Japan economy expands at 2.2 percent annual pace in Jan-Mar

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The pick up in growth was driven by consumption and exports, highlighting how the weaker yen since the election of Donald Trump as United States president last November has helped steady Japan's economy, especially the trade account.

Corporate capital spending, a key indicator watched closely by the government of Prime Minister Shinzo Abe, gained 0.2 percent, following a 1.9 percent gain in the previous quarter.

The latest reading nonetheless means Japan's economy has had its best string of gains since 2006, during the tenure of popular former prime minister Junichiro Koizumi.

Data out yesterday showed GDP rose at an annual rate of 2.2% in the three months to March, according to the country's Cabinet Office, marking five quarters of continuous output growth.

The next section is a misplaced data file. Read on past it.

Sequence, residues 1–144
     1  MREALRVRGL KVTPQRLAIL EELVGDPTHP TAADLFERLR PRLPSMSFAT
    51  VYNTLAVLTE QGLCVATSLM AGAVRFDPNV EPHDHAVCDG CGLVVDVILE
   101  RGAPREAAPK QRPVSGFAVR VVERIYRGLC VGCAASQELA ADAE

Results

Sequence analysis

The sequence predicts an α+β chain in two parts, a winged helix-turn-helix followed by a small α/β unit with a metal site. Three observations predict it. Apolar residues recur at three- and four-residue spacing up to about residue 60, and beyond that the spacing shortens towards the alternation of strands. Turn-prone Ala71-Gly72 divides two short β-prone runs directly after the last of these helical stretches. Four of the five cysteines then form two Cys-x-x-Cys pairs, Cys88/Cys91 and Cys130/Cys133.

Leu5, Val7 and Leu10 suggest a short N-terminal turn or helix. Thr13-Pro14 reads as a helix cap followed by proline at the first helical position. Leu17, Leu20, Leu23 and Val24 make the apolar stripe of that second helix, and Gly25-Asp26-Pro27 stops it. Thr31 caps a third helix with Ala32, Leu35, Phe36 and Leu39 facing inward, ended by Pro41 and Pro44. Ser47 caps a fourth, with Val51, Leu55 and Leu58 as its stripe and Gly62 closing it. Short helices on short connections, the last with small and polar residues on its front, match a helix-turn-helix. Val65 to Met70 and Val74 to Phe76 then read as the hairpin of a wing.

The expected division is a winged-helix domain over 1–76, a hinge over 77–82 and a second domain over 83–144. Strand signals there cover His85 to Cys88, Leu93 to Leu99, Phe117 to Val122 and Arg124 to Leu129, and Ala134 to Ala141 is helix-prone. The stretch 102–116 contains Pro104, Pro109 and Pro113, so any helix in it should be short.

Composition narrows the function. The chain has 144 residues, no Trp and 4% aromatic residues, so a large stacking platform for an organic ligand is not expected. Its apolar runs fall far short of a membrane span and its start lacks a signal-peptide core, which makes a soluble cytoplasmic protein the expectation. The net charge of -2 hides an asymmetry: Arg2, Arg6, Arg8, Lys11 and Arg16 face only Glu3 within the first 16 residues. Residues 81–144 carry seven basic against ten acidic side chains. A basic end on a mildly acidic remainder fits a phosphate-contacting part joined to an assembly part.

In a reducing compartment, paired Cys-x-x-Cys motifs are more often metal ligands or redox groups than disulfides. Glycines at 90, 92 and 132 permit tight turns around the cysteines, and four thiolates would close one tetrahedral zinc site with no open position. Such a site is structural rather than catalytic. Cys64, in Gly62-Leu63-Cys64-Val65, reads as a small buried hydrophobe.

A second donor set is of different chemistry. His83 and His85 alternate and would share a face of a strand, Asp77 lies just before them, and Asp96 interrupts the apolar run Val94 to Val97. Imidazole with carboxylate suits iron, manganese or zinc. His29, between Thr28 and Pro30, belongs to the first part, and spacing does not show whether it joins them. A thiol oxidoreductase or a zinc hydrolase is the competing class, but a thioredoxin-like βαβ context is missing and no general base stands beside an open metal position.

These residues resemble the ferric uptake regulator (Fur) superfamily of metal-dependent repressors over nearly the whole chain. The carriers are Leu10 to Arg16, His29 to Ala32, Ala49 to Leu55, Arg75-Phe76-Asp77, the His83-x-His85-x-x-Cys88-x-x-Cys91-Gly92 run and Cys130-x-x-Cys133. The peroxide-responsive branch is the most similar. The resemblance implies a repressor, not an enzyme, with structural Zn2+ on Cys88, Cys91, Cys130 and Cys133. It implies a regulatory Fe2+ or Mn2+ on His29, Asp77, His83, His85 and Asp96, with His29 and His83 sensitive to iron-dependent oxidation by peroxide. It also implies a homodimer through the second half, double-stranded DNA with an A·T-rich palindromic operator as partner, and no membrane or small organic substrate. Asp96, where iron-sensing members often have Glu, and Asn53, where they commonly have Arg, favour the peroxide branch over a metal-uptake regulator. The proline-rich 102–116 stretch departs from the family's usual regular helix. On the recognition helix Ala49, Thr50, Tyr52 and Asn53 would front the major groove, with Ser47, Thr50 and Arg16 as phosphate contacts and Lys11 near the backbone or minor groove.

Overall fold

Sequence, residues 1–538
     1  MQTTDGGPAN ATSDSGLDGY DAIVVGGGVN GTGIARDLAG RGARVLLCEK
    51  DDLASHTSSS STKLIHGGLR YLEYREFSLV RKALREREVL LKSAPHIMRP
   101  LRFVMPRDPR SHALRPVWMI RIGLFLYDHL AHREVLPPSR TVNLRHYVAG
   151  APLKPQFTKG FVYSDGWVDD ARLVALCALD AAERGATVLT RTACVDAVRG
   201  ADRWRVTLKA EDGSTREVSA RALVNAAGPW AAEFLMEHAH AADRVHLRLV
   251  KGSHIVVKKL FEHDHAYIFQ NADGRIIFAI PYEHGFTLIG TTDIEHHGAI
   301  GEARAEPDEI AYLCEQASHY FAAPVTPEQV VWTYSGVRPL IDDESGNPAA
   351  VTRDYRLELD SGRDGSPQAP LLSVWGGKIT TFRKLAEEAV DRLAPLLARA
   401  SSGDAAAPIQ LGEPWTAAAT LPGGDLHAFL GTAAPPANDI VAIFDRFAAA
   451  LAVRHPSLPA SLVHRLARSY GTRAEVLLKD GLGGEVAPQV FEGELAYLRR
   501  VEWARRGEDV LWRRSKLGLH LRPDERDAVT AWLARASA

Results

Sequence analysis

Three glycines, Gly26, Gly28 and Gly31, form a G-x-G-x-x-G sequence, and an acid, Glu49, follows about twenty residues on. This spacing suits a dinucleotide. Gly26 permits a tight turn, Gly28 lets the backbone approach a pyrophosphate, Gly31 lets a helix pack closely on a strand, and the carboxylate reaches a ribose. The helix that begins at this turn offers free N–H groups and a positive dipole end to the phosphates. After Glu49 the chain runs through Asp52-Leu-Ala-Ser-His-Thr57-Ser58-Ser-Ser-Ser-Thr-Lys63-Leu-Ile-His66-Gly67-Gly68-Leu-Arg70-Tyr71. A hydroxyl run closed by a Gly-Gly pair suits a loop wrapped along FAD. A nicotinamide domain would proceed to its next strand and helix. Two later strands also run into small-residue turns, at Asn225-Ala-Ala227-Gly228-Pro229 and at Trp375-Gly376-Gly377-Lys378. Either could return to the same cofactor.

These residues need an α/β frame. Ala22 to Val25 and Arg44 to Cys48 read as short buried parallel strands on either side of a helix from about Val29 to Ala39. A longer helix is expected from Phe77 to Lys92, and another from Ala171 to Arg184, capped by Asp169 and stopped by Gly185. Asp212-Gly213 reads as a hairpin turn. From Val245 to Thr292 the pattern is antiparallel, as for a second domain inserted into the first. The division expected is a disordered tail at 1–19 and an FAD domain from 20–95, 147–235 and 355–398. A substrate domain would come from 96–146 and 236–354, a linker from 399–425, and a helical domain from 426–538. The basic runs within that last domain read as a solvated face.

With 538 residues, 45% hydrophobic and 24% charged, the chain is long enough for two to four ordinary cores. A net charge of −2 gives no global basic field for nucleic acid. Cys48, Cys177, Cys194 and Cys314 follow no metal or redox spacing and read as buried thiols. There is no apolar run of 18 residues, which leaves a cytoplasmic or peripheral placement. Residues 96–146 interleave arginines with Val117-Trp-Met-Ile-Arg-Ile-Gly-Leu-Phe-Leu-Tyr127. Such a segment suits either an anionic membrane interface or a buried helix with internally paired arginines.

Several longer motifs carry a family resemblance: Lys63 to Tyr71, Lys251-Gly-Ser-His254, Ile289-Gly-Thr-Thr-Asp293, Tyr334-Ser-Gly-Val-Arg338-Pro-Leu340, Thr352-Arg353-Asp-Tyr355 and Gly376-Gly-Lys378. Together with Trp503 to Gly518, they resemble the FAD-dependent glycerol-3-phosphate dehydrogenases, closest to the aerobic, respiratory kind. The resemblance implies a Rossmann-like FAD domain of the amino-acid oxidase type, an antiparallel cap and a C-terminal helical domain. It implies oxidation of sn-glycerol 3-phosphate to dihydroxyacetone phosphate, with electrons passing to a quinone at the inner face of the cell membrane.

Mr Abe's grand plan to kick start the world's third largest economy, known as "Abenomics", was aimed at tackling almost two decades of stagnant growth and falling consumer prices.

The GDP data came as a relief to Abe and policymakers trying to encourage frugal Japanese consumers and companies to spend more and buttress economic growth.

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A weak yen has helped prop up the economy as it makes Japanese exports more competitive and inflates profits when overseas income is repatriated.

Still, the Bank of Japan and International Monetary Fund both recently lifted their projections for the country's growth rate.

Analysts said that the economy is enjoying comfortable growth driven by both domestic and external demand. That was ahead of market forecasts for an increase of 1.7%, and followed an upwardly-revised December quarter figure of 1.4%. Real wages also were losing ground, she said. "However we expect a slowdown in the second half of the year, ' he said".

"The Japanese economy probably won't grow dramatically, but it's not about to shrink either".

Japan has been struggling to defeat years of deflation and slow growth that followed the collapse of an equity and property market bubble in the early nineties.

That puts pressure on businesses, creating a cycle in which firms then cut back on expanding production, hiring new workers or boosting wages.

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